The Association of Statin Use with Age-Related Macular Degeneration Progression: The Age-Related Eye Disease Study 2 Report Number 9.

Publication Type
Journal Article
Year of Publication
Al-Holou, Shaza N; Tucker, William R; Agrón, Elvira; Clemons, Traci E; Cukras, Catherine; Ferris, Frederick L; Chew, Emily Y; Age-Related Eye Disease Study 2 Research Group
Date Published
2015 Dec
Aged; Aged, 80 and over; Cardiovascular Diseases; Dietary Supplements; Disease Progression; Fatty Acids, Omega-3; Female; Follow-Up Studies; geographic atrophy; Humans; Hydroxymethylglutaryl-CoA Reductase Inhibitors; Incidence; Lutein; Male; Middle Aged; Proportional Hazards Models; Prospective Studies; Risk Factors; visual acuity; Wet Macular Degeneration; Zeaxanthins

PURPOSE: To evaluate the association of statin use with progression of age-related macular degeneration (AMD).

DESIGN: Preplanned, prospective cohort study within a controlled clinical trial of oral supplementation for age-related eye diseases.

PARTICIPANTS: Age-Related Eye Disease Study 2 (AREDS2) participants, aged 50 to 85 years.

METHODS: Factors, including age, gender, smoking status, aspirin use, and history of diabetes, hypertension, heart disease, angina, and stroke-all known to be associated with statin use-were included in a logistic regression model to estimate propensity scores for each participant. Age-adjusted proportional hazards regression models, with and without propensity score matching, were performed to evaluate the association of statin use with progression to late AMD. Analyses adjusting for the competing risk of death were also performed.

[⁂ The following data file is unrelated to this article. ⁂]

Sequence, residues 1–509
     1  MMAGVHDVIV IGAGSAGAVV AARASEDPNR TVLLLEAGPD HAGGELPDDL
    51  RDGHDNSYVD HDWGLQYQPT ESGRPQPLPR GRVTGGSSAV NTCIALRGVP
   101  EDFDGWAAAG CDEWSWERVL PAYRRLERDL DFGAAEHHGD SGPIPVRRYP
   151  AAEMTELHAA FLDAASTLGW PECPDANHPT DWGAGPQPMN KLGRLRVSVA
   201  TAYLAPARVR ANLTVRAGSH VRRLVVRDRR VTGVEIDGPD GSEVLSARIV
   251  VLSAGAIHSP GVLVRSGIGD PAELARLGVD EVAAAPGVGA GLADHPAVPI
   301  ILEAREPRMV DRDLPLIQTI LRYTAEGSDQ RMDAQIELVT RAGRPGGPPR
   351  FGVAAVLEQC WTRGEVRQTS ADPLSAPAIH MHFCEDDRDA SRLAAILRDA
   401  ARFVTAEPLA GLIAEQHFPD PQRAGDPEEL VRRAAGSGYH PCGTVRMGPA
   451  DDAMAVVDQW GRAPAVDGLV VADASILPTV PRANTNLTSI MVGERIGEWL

MAIN OUTCOME MEASURES: Baseline and annual stereoscopic fundus photographs were assessed centrally by masked graders for the development of late AMD, either neovascular AMD or geographic atrophy (GA).

RESULTS: Of the 3791 participants (2462 with bilateral large drusen and 1329 with unilateral late AMD at baseline), 1659 (43.8%) were statin users. The overall analysis, with no matching of propensity scores and no adjustment for death as a competing risk, showed that statin use was not associated with progression to late AMD (hazard ratio [HR], 1.08; 95% confidence interval [CI], 0.83-1.41; P = 0.56). When matched for propensity scores and adjusted for death as a competing risk, the result was not statistically significant (HR, 0.81; 95% CI, 0.55-1.20; P = 0.29). Furthermore, subgroup analyses of persons with or without late AMD at baseline and the various components of late AMD (neovascular AMD, central GA, or any GA) also showed no statistically significant association of statin use with progression to AMD.

CONCLUSIONS: Statin use was not statistically significantly associated with progression to late AMD in the AREDS2 participants, and these findings are consistent with findings in the majority of previous studies. Statins have been demonstrated to reduce the risk of cardiovascular disease, but our data do not provide evidence of a beneficial effect on slowing AMD progression.